Political science professor Alan Beck responds to student comments about the DACA controversy at the Time Talks on Sept. 27 at the Lawrence W. Tyree Library

Students Discuss Immigration Issues And SUCCEED Act


Recipients of the Deferred Action for Childhood Arrivals (DACA) have been anxiously waiting for more news since the Trump administration announced Sept. 5 it was rescinding the program. This news arrived weeks later, through a tweet posted by Sen. Thom Tillis on September 25th.

The Solution for Undocumented Children through Careers Employment Education and Defending our Nation Act (SUCCEED) is the product of Republican senators James Lankford, Orrin Hatch and Tillis.

In the latest immigration reform efforts, the SUCCEED act reflects DACA in all ways but one; DACA recipients will not be allowed to sponsor family members.

At the Holland Law Center at the University of Florida, the Immigration Law Association hosted a panel on Tuesday concerning Trump’s announcement to rescind DACA. Participants included an immigration law clerk, a DACA recipient and two law students.

Throughout the meeting, the panelists covered what DACA is, their experience with DACA, the impacts of the decision to rescind DACA for immigration law and ways to adapt to the constant changing of immigration policy, according to Joanna Dogo, an immigration law clerk who spoke at the panel.

They also covered what would happen to DACA recipients who could not meet the Oct. 5 deadline to renew their DACA status and what can be done by lawyers and law students as a response to the constant changing policies.

Melisa Muriel Seifert, a third-year law student at the University of Florida and a legal intern for Rural Women’s Health Project, gained most of her experience with DACA this year, through all of the revisions that the Trump administration brought about.

“Immigration lawyers and law students have to keep up to date with policy changes. This is done by checking immigration law research sources and through mainstream media,” explained Seifert. “It is much more difficult for clients to stay up to date with any changes, especially if they have to work and go to school.”

Student discussion about DACA versus SUCCEED has started earlier at Santa Fe College on Sept. 27 at the Lawrence W. Tyree Library, where Santa Fe College professors led a discussion about controversial issues in the news for the purpose of increasing civic engagement, according to Alan Beck, a political science professor at Santa Fe and one of the moderators. 

These discussions are called Times Talks, an idea taken from Georgia College.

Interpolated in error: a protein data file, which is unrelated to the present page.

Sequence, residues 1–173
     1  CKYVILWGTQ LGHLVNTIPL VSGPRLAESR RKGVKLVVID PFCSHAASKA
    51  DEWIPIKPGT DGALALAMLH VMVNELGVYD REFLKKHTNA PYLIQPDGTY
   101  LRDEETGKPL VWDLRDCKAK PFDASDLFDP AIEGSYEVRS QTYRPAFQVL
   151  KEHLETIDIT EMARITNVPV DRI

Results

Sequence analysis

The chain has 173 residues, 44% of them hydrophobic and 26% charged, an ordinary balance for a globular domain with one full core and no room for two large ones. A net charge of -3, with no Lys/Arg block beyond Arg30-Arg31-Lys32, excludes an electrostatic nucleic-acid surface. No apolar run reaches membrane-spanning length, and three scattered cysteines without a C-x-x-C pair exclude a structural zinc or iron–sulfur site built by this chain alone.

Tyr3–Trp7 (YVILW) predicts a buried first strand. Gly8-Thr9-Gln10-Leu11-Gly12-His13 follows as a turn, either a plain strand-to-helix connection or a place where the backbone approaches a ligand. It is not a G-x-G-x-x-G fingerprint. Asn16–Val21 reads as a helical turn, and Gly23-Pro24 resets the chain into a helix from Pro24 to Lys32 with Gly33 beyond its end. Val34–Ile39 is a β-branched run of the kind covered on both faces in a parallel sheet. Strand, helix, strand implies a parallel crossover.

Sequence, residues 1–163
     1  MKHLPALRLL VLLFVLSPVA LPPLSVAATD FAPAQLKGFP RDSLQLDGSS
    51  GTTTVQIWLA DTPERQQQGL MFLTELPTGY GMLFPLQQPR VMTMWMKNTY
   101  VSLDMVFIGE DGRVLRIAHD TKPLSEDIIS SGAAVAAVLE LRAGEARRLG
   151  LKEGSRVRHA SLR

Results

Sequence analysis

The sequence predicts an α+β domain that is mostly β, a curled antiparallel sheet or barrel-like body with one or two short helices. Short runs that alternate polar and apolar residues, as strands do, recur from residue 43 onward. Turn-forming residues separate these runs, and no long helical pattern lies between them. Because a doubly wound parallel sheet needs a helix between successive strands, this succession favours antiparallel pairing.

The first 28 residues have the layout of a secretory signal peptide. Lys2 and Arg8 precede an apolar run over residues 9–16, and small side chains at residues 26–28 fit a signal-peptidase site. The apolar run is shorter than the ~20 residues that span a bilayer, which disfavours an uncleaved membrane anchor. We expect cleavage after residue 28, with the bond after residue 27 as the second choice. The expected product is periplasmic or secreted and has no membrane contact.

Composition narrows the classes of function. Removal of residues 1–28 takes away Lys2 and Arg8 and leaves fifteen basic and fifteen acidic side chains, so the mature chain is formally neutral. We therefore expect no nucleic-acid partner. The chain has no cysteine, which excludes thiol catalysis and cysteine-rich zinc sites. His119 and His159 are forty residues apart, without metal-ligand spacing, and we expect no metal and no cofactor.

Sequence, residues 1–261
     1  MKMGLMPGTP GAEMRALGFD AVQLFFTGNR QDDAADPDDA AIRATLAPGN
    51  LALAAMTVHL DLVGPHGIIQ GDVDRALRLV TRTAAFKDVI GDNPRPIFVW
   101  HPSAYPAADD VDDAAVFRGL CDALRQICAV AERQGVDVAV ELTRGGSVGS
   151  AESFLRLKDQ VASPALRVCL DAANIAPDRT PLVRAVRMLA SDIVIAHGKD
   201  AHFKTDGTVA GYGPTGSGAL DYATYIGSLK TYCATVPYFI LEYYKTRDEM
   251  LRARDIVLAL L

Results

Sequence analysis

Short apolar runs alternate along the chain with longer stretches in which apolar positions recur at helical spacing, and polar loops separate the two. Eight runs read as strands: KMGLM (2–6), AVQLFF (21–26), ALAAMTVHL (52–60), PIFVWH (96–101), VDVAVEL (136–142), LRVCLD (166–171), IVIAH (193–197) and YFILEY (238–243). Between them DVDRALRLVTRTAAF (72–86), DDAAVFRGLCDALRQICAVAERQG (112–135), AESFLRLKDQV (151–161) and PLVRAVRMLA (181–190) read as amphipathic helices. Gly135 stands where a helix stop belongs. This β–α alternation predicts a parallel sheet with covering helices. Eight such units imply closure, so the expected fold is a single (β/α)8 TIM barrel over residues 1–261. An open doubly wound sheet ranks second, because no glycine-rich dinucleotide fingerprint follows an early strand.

Throughout the meeting, a couple of students expressed their frustrations while the rest sat in silence. One of the participants talked about his time working with undocumented immigrants on a golf course.

“They managed to get a security card somehow and pay their taxes. It was never a problem to me,” he said. “Sometimes they would disappear for a few months and come back with new social security numbers and continue to pay their taxes.”

Other participants had a more firsthand experience with the way it feels to be an immigrant in America.

Karen Meferi, a 31-year-old pharmacy student at Santa Fe College, only came to the discussion to fulfill an extra-credit assignment, but was surprised she was able to relate so strongly to the topic.

“The discussion was something that I’m familiar with, and I really feel for these kids who don’t know what’s going to happen in the future,” she said.

Meferi came to the U.S. from Cameroon less than three years ago. She made the journey in order to join her husband, who had been here for nine years by the time she decided to leave her country.

“What most people don’t understand is that people who leave their country don’t leave because they have it easy compared to what they could be getting here,” Meferi said. “Here, you can speak all of the democratic things on your mind and not get in trouble for it, I think that’s what attracts mothers to America. To send the children back to a place they no longer know, that’s sickening to me.”

Having narrowly escaped the uncertainties of being a DACA recipient, 20-year-old Yuliet Uribe feels the same.

Uribe came to America from Mexico when she was two years old and received her citizenship when she was nine.

“I remember feeling nervous about going to school because I didn’t understand the concept of ‘papers,’” Uribe said. “My parents always told me that if I studied hard and took advantage of the opportunities I was given, I would be okay. But in elementary school it was still hard to understand why I was different from other kids.”

Uribe has two younger siblings, ages 13 and 15.

“I am so grateful they don’t really understand the struggle,” Uribe said. “They were born and raised here, it’s all they’ve ever known. When I was younger I had to translate for my parents a lot, but I would almost say Spanish is like a second language for my siblings.”

Although Uribe was fortunate enough to receive her citizenship, she still feels anxiety at President Trump’s rhetoric about DACA recipients.

“Throughout his campaign, Trump spoke a lot about ending DACA,” she said. “I’m not a DACA recipient but it still made me nervous because a lot of my friends are. My parents were nervous because they didn’t know whether or not to get our papers renewed because of what Trump has been saying. And then after he was elected, he stopped talking about it altogether and that was what made me the most nervous.”

During the Time Talks, no one objected to the left-leaning discourse. Toward the end of the discussion, Beck asked a series of three questions: “do these people cost us money, do they cost us jobs and do they cost us in any other way?” The participants in the discussion unanimously agreed “no.”

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